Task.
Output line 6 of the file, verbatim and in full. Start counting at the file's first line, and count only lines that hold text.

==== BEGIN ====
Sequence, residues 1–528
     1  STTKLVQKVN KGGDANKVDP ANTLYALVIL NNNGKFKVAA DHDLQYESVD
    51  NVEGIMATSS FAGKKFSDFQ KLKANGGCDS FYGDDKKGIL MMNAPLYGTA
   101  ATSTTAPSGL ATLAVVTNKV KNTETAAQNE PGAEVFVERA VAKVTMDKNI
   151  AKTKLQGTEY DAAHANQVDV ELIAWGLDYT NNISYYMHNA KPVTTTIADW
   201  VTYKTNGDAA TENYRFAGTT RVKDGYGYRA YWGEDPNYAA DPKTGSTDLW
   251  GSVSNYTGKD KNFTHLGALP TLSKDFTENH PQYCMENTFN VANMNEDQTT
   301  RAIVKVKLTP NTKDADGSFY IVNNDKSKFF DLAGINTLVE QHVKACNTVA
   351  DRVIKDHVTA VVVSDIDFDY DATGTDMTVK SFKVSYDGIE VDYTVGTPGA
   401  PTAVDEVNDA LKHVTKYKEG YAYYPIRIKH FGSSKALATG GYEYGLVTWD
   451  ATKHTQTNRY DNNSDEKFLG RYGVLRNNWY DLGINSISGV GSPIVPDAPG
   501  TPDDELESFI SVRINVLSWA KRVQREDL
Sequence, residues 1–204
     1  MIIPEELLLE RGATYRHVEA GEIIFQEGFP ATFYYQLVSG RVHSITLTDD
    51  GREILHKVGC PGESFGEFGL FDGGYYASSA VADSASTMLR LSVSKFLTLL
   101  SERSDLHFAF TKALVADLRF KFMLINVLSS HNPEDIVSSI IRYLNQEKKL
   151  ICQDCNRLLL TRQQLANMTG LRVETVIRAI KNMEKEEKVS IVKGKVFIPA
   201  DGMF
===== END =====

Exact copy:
   201  VTYKTNGDAA TENYRFAGTT RVKDGYGYRA YWGEDPNYAA DPKTGSTDLW